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Our Complaint into NZX's "Independent Research Reports"
The NZ Stock Exchange
NZX Limited (which runs the NZ stock exchange) is publishing what it calls "Meridian Energy Independent Research Reports" on its website (www.nzx.com/meridian-research) . . . but this appears to breach the Financial Advisers "Code of Professional Conduct" in New Zealand which strictly regulates when the term "independent" may be used, and other NZ securities regulations.
Unfortunately, while the NZ market is heavily regulated (e.g. Ross Asset Management was registered and authorised to provide investment management services) there is little or no investigation or enforcement. You can find out more about this for yourself later, but let's get back to the NZ Stock Exchange "independent" research.
In the Code of Professional Conduct "Code Standard 3" deals with when advice may (and may not) be called "independent". It even gives the following example where "neither the Authorised Financial Adviser nor the financial advisory services may be described as independent":
That would appear to clearly exclude stockbroker advice on an IPO - as they are paid a percentage commission by the vendor of the shares based upon the volume of "product" they can sell to the investor.
You may also consider advice from Investment Banks (touting for future IPO business and a share of the $40 million fees involved) to not be "independent" under the normal meaning of that word, but the code ignores benefits that are "remote or insignificant". A share of $40 million in future fees isn't "insignificant" but is probably "remote". So under the Code of Conduct, the Investment Bank advice can probably be called "independent" (even though no normal person would consider it so).
If we may digress again for a moment, you will probably be very surprised to learn that Code Standard 3 allows an AFA to receive "fees as a contractor that are not determined by volume or other targets" and still call their advice "independent". So a company seeking to manipulate its share price can pay a broker or adviser a fixed sum of (say) $100,000 to write a "must buy" recommendation and that report can be called "independent" under the code.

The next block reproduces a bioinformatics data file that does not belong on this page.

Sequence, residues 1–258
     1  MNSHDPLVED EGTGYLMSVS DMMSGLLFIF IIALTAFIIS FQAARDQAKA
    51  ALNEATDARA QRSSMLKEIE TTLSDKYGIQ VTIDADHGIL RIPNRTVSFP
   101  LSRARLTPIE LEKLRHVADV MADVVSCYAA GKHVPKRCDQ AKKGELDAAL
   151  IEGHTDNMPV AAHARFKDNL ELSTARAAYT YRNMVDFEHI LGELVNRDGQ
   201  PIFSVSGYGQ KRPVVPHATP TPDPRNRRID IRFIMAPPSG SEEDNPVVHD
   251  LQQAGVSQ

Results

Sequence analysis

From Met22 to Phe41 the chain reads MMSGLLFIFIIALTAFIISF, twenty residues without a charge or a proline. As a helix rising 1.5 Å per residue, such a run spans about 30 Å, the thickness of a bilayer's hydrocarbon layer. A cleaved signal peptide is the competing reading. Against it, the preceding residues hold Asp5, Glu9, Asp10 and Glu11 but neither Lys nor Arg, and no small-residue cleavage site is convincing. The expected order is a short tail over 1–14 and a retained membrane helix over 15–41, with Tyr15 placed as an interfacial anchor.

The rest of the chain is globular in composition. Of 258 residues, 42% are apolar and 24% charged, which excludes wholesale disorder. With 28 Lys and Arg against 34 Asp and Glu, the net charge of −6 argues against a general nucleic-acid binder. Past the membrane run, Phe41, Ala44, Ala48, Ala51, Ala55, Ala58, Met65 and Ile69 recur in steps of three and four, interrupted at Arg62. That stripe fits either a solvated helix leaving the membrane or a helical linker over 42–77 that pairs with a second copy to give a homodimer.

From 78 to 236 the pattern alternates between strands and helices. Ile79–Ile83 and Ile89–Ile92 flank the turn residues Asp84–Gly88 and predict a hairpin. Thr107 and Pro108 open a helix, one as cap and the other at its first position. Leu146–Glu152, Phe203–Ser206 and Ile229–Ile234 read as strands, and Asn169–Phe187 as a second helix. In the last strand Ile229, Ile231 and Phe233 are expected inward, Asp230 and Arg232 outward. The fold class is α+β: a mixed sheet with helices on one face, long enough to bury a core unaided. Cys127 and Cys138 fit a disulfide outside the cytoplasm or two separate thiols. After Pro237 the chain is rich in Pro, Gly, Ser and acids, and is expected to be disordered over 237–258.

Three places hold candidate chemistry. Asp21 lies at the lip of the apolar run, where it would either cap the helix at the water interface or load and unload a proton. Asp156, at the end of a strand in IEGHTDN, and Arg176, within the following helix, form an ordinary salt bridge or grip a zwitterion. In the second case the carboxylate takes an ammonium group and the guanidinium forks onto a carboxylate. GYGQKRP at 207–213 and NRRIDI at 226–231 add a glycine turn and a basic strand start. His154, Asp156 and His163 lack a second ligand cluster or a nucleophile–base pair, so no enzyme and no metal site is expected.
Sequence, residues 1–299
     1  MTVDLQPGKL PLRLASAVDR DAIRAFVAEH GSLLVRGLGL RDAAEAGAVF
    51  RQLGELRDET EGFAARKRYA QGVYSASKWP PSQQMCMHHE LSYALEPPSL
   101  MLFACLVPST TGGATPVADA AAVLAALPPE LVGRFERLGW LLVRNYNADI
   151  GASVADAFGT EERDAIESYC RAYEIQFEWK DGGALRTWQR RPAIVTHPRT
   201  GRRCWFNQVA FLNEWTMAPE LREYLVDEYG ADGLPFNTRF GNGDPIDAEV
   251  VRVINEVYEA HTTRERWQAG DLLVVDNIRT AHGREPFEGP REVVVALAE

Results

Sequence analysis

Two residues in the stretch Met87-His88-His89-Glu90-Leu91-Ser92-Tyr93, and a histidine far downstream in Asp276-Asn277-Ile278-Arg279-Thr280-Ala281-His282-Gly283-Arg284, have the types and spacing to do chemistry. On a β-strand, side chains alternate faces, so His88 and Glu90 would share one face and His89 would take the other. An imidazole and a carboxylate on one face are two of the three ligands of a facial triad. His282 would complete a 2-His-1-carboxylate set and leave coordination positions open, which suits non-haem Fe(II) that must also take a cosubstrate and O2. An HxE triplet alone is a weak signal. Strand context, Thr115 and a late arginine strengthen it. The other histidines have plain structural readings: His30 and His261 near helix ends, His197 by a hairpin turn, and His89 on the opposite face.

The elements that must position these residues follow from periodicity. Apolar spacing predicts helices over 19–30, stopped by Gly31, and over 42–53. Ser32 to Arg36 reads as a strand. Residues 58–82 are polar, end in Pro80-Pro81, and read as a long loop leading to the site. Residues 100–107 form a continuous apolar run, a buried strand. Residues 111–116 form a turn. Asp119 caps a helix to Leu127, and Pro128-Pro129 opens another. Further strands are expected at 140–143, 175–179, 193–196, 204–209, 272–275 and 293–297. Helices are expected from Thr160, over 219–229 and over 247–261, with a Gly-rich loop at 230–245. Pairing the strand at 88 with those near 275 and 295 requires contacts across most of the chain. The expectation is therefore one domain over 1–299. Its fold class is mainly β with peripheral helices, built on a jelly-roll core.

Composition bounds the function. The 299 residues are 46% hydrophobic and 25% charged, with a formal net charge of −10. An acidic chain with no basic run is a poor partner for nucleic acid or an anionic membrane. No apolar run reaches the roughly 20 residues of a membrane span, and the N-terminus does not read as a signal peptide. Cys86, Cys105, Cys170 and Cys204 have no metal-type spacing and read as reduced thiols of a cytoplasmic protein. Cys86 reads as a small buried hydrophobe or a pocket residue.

Clearly the "Code of Conduct" was not written by investors or anyone seeking to put "investors interests first" (which is another story from the same book of Fairy Tales, entitled "Code Standard 1").
The NZX is not an AFA, so the Code of Conduct does not apply. Nevertheless, it is probably "misleading and deceptive" for them to associate the word "independent" with their biased selection of five "Buy" reports (and no "Don't Buy" reports) for Meridian Energy.
Does NZX have a financial interest in the success of this float? You bet! As a very large company it will generate significant initial and recurring listing fees. A successful float would also lead to further Government share floats - and even more ongoing listing fees - while an unsuccessful float could see this policy cancelled.
So, who is in charge of enforcing NZ's securities regulations? That job used to fall on the Securities Commission, but after the Finance company debacle, the government "rebranded" this (with a new set of equally ineffective laws) to the Financial Markets Authority - allowing the current NZ government securities regulator incarnation to distance itself from the previous NZ government securities regulator's past problems and refer to them as "legacy issues".
[Editor's Note: This is a misleading and deceptive trick learned from the Funds Management industry: A poorly performing fund will be closed and replaced with a new, but virtually identical clone fund - thereby eliminating the poor historical track record.]
The FMA welcomes information or complaints from the public. They do not have any meaningful in-house investigative function - and there is a limit to how much can be found from just internet searches - so they rely on information from the public.
The FMA website invites investors to "Talk to us!". It states: "If you have concerns you can complain to the Financial Markets Authority. For example, you may feel the adviser [broker] has not put your interests first. A complaint to the FMA may lead to disciplinary action for a breach of the Code of Conduct."
As we have outlined above, there appears to be some evidence that an AFA may be in breach of "Code Standard 3" and/or that NZX website may be "misleading and deceptive". This is a job for the FMA!
If you go to their website (www.fma.govt.nz) and report your concerns over these matters then you can judge for yourself how impartially the FMA applies the law and how seriously they take their regulatory responsibilities and commitment to "protect the interests of retail investors". Or is the FMA involved in a conspiracy and cover-up to protect the vested interests of the Government, Stock Exchange, brokers and other powerful interests in the Finance industry?
The truth is out there. Let's investigate together.